Have you ever considered (or are you in) marriage counseling? If your marriage is in trouble, the answer is probably YES.
Most therapists who work with couples are trained to do INDIVIDUAL counseling. They view their marriage work as an extension of individual therapy. This is ridiculous. It’s like asking a private tutor to take over a classroom. Let me explain.
Individual counseling is a laid-back experience. The counselor asks questions and empathizes patiently as the client tells their story. Wherever the story goes the counselor follows and makes sure the client feels heard. Together, the client and the counselor discuss available options.
Reconciling a marriage requires STRUCTURE, DIRECTION, and GUIDELINES. And the role of the professional in session is to be assertive and provide LEADERSHIP. Otherwise, a couple will simply move the battle ground from their house to their therapist’s office. The therapist may feel that a lot has been clarified, but that’s because it’s the first time the therapist heard the fight. For the couple, nothing was accomplished. In fact, the couple leaves the session feeling hopeless.
Helping a couple heal a relationship is a completely different process than helping an individual “find themselves.” If you want help with your marriage, you don’t just want a professional to listen; you want someone with the confidence and the ability to provide a clear path to healing and who isn’t shy about holding you and your spouse accountable to it. In short, you want LEADERSHIP. You want direction. You want someone to tell you what to do…what’s worked for other couples. Marriage counseling usually fails in this regard. Marriage Fitness, on the other hand, provides a clear and proven step-by-step system for renewing your marriage.
Picture this: one day Brian gets a wake-up call from his wife and realizes that he better shape up or he’s going to lose his family, Brian agrees to see a marriage counselor. Early in the first session the counselor asks Brian, “How do you FEEL about being here?”
Brian says, “I just want to save my marriage.”
“No Brian, that’s not a feeling,” says the counselor, “that’s a thought. How do you FEEL?”
“I don’t know,” says Brian, “I thought we could talk about solutions to…”
“Brian, you need to work on yourself first before you can work on your marriage.”
But Brian is NOT interested in individual counseling. He’s not looking for insight into himself; he wants to fix his marriage. He doesn’t care about his psyche right now; he cares about his wife. And there’s nothing wrong with that!
Unfortunately, marriage counselors sometimes advise spouses to separate into individual sessions when they really want to work on their marriage. But individual counseling is NOT a prerequisite for marital work!
Let me be clear about this point. I’m NOT saying that there’s anything wrong with self-discovery. In fact, understanding yourself can only be positive AND it will certainly help you succeed with your marriage. However, it’s not necessary. You CAN transform your marriage without entering individual therapy.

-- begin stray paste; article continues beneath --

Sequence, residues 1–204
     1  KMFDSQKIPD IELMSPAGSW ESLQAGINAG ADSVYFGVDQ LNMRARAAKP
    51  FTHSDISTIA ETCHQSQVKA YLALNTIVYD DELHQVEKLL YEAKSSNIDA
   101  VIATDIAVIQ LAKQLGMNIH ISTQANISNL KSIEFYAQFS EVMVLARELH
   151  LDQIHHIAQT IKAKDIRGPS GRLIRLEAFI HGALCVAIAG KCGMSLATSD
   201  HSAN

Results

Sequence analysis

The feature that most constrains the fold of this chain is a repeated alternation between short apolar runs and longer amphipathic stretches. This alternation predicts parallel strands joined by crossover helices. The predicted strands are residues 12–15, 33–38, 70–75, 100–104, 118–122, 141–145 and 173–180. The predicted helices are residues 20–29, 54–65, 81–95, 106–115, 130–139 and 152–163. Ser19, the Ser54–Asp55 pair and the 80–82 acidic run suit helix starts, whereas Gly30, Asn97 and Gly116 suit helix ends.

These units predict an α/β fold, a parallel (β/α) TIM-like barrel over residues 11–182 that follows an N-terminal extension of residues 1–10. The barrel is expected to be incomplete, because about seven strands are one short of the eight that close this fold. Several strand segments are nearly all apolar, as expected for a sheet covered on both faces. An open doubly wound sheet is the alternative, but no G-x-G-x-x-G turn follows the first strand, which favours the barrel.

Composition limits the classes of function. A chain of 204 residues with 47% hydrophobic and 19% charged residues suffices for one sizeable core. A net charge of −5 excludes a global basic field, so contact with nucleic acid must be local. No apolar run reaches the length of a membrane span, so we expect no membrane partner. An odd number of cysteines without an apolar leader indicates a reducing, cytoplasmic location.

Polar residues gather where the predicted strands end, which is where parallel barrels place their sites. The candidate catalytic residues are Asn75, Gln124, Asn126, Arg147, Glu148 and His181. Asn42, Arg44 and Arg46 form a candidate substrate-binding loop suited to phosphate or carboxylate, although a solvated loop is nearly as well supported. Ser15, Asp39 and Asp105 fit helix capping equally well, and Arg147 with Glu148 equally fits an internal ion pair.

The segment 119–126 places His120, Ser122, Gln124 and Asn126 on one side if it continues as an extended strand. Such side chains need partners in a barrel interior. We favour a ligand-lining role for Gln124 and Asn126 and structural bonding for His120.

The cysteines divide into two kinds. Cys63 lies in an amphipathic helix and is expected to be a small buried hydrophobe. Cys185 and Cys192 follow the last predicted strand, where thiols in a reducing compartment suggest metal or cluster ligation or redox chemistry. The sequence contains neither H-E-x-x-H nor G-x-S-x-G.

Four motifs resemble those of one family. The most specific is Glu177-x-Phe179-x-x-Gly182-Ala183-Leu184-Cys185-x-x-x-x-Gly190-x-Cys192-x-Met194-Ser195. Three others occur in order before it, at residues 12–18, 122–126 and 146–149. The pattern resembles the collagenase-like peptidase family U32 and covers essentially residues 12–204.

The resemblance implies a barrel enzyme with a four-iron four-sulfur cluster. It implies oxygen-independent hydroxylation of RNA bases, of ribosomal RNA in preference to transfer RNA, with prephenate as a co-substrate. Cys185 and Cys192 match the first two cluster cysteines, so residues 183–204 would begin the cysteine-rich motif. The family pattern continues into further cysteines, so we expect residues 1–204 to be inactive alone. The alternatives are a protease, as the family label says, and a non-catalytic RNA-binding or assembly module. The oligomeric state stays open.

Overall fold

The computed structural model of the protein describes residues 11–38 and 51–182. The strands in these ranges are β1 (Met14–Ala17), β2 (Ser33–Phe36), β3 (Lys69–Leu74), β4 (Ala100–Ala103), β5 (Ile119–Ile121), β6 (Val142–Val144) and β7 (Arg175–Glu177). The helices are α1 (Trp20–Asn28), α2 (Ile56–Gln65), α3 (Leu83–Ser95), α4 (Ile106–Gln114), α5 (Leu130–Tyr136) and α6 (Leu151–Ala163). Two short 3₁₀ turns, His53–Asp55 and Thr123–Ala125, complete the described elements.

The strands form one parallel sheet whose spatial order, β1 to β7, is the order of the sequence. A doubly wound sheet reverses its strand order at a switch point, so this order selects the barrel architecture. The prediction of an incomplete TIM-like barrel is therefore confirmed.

Many marriage counselors would describe themselves as “neutral” therapists; meaning that they aren’t in favor of marriage or divorce. Instead, their job is to guide you through a cost-benefit analysis. In other words, would you gain more by staying married or getting divorced?
If you should happen to meet a therapist with this approach, while you’re at it, ask them if you should buy or rent. (Ha Ha!)
Our society has become very consumer oriented. Unfortunately, this consumer mentality has seeped into marital counseling. But deciding about your marriage is NOT akin to a purchasing decision. Relationships and family values do NOT lend themselves to charts listing pros and cons. That would be like trying to grasp an idea with your hand; it’s the wrong approach. And it won’t work.
The other thing worth noting about this cost-benefit approach which is typical amongst “neutral” therapists (by now you can see that they’re not really neutral) is that it “favors” the more self-oriented spouse. But in a troubled marriage, it’s that selfishness that needs to be tamed not freed.
I want you to know that I am NOT neutral. Except where there is physical abuse or danger, my job is to support the POSSIBILITY that you can restore your marriage. I’m pro-marriage. I’m not on your side or your spouse’s side. And I’m on the side of your marriage. And I think that’s what most people need when they’re having marital problems; someone to show them hope and offer them a clear path to restoring their relationship.
She went through the Lone Ranger Track of the Marriage Fitness Tele-Boot Camp and I had a number of private sessions with her and eventually with her husband too. She said something to me after she felt safe in her marriage that I’m really proud of. Julie said, “You know Mort, when we went to marriage counseling, the counselor just kept asking us questions. But I got sick of being asked questions. I wanted answers. You gave me answers. And for that I’m thankful.”
One last important point. I want to be clear that I’m not against counseling. There are some very good counselors who truly understand how to help a couple succeed with their marriage. My comments above are generalizations. Generalizations, by definition, are generally true. Of course, there are exceptions.
I am not sure I could have done it without you. I would have given up and believed that because he was with someone else we were done. Thank you. We are forever indebted.